Saving The Day For The Woman Who Drew My Blood

“That shouldn’t be,” she said. I didn’t think so either.

Blood work! Ugh. It’s part of getting older. I never liked it. Nowadays I can at least tolerate it.

Because I take statins for my cholesterol I have my blood checked regularly… like today. I headed to the lab in the basement of a small office building in the center on my town.

As I walked in Angie the phlebotomist/technician looked up.

“I’m so glad you’re here. You’re a godsend.”

Uh oh. I looked back to make sure she wasn’t talking to someone else. Nope it was me. I figured there was a weather question coming. Nope again.

Angie began to tell me the story of a car she’d bought from a used car dealer in Naugatuck. Everything was fine for the first month, then it began to lose power. The dealer would fix it, but they said Angie would be on the hook for the sensor that had seemingly gone south!

“That shouldn’t be,” she said.

I didn’t think so either, so I pulled out my iPhone went online and found the Connecticut Department of Consumer Protection. Not their problem, but they had a link to the DMV who does handle auto dealer repair disputes. Angie’s $10,000 car should have been covered a minimum of 60 days.

I’m sending an email to Angie with the iPhone screencap and a little note. The dealer should do the right thing. If not I’ll ask the station to help. We’ve been doing a lot of stories where “We’ve Got Your Back.”

After Angie found my vein (second try) and extracted my blood I asked why I was asked to help? After all I’m just the weatherman. Angie told me she’d watched me for years and knew I was intelligent. She knew I could find the answer.

God bless you Angie. You made my month. I am so glad I could help.

Phone Heaven/Phone Hell

I knew I was in trouble when the voice prompt asked if I wanted more information about my prescription. “No, said I. The disembodied computer voice told me anyway!

A few weeks ago I wrote about my trouble getting Stef’s Connecticut registration properly off-the-books. After a little phone tree hell I spoke with Jackie–my guardian angel at the DMV. Today I met her equally angelic co-worker Ann.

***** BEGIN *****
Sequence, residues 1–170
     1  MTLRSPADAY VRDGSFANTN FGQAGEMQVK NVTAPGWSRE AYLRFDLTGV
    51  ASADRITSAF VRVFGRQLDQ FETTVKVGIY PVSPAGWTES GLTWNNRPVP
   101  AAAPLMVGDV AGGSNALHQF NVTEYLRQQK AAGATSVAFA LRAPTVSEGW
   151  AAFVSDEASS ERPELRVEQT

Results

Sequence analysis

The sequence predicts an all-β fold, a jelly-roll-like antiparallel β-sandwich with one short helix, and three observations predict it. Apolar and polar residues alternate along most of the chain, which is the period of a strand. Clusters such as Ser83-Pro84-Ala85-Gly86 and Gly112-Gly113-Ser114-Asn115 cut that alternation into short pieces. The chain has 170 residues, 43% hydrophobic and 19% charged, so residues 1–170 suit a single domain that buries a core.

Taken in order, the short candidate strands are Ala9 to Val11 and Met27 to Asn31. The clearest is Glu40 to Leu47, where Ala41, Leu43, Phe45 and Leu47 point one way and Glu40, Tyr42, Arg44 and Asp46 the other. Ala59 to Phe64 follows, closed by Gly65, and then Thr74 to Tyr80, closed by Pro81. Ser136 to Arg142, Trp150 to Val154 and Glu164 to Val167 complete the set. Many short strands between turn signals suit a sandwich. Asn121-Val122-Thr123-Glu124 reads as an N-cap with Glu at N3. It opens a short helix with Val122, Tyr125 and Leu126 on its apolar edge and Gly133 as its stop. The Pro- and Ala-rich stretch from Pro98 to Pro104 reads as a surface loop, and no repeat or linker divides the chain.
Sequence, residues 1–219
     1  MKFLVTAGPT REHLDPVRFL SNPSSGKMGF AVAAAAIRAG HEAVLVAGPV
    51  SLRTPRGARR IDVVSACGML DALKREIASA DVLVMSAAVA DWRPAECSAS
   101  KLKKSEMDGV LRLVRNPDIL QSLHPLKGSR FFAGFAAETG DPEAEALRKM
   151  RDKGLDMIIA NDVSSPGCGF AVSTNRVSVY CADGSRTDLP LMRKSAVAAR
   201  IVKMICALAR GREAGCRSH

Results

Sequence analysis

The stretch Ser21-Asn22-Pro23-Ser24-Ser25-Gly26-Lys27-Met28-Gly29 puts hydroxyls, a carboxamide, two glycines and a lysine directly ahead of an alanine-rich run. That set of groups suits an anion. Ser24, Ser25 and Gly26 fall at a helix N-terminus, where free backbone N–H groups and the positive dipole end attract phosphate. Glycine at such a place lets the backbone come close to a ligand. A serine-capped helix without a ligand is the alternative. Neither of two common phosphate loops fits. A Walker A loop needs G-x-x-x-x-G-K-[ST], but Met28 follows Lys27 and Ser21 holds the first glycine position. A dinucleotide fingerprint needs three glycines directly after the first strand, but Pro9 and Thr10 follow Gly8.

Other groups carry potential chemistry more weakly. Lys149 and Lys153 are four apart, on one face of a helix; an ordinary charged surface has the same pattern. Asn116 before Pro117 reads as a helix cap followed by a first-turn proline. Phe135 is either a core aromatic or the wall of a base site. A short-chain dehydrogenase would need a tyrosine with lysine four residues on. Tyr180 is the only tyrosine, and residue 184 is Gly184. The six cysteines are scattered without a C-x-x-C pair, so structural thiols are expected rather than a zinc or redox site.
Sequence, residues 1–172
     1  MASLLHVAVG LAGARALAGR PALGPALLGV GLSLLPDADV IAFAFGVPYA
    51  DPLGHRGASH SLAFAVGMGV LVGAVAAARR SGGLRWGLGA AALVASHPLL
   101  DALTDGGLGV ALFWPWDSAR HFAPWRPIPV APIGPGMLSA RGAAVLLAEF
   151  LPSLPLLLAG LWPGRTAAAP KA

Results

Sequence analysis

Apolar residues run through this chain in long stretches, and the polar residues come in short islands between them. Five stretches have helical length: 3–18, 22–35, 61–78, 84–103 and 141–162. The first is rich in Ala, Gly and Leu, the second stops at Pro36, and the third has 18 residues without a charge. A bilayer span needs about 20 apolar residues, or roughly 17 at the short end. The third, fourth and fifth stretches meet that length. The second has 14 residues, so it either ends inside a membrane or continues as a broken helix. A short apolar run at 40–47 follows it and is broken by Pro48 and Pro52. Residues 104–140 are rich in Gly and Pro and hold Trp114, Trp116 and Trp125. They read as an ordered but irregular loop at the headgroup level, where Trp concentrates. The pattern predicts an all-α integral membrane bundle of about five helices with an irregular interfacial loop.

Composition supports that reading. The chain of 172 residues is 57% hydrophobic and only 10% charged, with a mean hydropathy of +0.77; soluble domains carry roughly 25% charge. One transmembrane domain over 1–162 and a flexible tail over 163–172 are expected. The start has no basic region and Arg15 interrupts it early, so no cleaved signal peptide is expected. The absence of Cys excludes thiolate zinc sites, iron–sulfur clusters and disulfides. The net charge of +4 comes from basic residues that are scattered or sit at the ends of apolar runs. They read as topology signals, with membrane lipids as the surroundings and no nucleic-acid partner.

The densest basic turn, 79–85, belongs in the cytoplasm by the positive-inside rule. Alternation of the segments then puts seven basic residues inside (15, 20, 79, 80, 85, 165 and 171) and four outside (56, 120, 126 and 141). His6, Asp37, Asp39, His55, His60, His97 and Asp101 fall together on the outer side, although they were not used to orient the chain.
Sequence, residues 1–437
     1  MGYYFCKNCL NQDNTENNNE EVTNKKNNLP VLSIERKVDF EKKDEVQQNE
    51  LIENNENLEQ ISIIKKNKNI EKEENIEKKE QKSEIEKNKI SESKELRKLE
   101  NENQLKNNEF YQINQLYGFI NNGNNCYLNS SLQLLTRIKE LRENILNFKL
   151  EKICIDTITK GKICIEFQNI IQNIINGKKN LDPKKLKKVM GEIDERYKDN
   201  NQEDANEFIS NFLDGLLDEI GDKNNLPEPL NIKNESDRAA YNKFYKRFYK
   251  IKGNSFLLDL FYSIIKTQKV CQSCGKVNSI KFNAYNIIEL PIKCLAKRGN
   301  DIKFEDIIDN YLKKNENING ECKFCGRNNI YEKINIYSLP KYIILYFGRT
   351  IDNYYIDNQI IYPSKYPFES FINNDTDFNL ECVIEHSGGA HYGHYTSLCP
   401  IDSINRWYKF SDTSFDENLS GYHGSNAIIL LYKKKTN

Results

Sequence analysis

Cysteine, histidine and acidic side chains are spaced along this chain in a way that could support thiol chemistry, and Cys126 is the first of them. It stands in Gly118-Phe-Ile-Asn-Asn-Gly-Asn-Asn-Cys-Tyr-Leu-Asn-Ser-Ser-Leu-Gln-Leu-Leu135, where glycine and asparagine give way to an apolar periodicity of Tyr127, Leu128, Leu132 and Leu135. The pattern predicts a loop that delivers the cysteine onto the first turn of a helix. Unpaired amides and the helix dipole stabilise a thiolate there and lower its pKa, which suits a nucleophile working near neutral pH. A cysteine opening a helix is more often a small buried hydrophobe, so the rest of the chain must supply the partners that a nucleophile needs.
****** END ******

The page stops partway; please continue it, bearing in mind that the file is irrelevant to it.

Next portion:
As it turns out there was still paperwork to be processed and a few hoops to jump before we could be straightened out.

“Don’t worry,” said Ann.

You know what? I won’t!

For my end of the deal I cajoled Stef to take a photo of her current insurance card and email it to me. I then forwarded the photo to Ann.

I so want this journey to be over, but this is the DMV. Its evil might be more powerful than the combined goodness of Jackie and Ann.

As long as I was trying my luck on the phone I rang up my insurance company to renew a prescription. They make it cheaper to get the drugs by mail but then make you jump through hoops!

Insurance companies and other users of voice driven systems try their best to reduce their employees time on the phone. Unfortunately, they are free and easy with mine. It’s almost as though they don’t care.

OK–not almost. They really don’t care about my time. Do they?

I knew I was in trouble when the voice prompt asked if I wanted more information about my prescription. “No,” said I. The disembodied computer voice told me anyway!

After any yes/no question was answered by me the automated voice waited three or four seconds before giving an acknowledgment. It was a demeaning experience. Truth is we’ve democratized this type of experience to the point where everyone is uniformly treated like crap!

The low point came when my order had been entered. I was told my cost would be $70. The voice then asked if I still wanted to get the prescription filled!

If you want to know what’s wrong with our insurance system there’s a perfect example. No one should ever have to answer that question. No one should deprive themselves of needed medication because it’s expensive. I can afford the drugs, but I’m sure people hear that $70 prompt every day and are forced to say “No.”

In the end every part of my prescription experience was cold, uninviting and devoid of human compassion. Maybe the idea of the insurance company is to discourage me from spending their money. Ya’ think?

If Ann and Jackie could handle all my calls for help the world would be a much better place!